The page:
Part of communication is being able to verbalize to first to yourself, then your stake-holders, and finally your potential clients what your core business is going to be. What do you want to do, for whom and with what? When you are able do this, you are well on your way on the path of success.

 

2) Goal setting

 

It is true that we all need goals and a plan helps to set and reach (SMART) goals so that each step in the start-up leads smoothly to the next. At the same time, when one does not have financial backing, one can go slowly enough to completely realize each step so that the next goal on the horizon can be successfully reached, as well. In this sense, I am more at ease to reach my goals well and not skip or skim over some essential steps.

 

Part of goal setting is to make an evaluation of the current situation and then go from there, one step at a time, taking the time to reflect after each success (or failure).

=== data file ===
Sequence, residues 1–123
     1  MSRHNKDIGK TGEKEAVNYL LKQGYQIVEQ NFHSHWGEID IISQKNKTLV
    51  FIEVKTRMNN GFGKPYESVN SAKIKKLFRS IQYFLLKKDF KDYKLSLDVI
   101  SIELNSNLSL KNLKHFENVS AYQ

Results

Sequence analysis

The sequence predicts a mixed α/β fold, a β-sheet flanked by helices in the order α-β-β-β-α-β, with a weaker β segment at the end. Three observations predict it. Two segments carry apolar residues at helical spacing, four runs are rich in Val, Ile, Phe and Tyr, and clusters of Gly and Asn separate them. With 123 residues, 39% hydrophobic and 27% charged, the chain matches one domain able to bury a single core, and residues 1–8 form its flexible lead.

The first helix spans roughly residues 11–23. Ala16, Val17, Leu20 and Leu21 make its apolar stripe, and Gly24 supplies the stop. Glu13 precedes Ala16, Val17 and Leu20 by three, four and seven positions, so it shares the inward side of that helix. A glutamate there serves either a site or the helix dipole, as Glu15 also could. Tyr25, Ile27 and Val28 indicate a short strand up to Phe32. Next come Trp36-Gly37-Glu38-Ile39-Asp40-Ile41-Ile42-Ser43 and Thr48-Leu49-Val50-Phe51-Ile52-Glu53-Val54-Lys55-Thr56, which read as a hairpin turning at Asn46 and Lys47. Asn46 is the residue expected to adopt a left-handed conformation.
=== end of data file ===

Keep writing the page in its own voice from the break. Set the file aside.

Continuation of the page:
A plan can also keep you from putting the cart before the horse, making sire you are ready for the next step.

 

3) Making alliances, i.e., networking

 

If you have a business outline, you are better able to present your new endeavor in networking situations. If your core business, your elevator pitch, has been written down it does two things for you: it gives you that time in writing to think through your venture and to put it into concise words. It also gives you the words to tell someone else.

 

4) Marketing and getting those clients/customers

 

In the end, most entrepreneurs are starting a new venture to make some money. If you work through a plan well enough to be able to tell colleagues and stake-holders, you will also be able to communicate the plan to potential clients.

 

5) In the end it is your decision

 

Writing a more formal business plan is an individual decision, but an important one. However, whatever you plan regarding your financial support, it is advisable to make at least a sketched-out plan for your own mental clarity, goal setting, and for the sake of making yourself answer to that question, “So, what are you doing these days, anyway?”. When deciding whether to make a formal business plan or not, it is key to think of your own personal and financial situation and go from there. Of course, a business coach would be of great help in this process.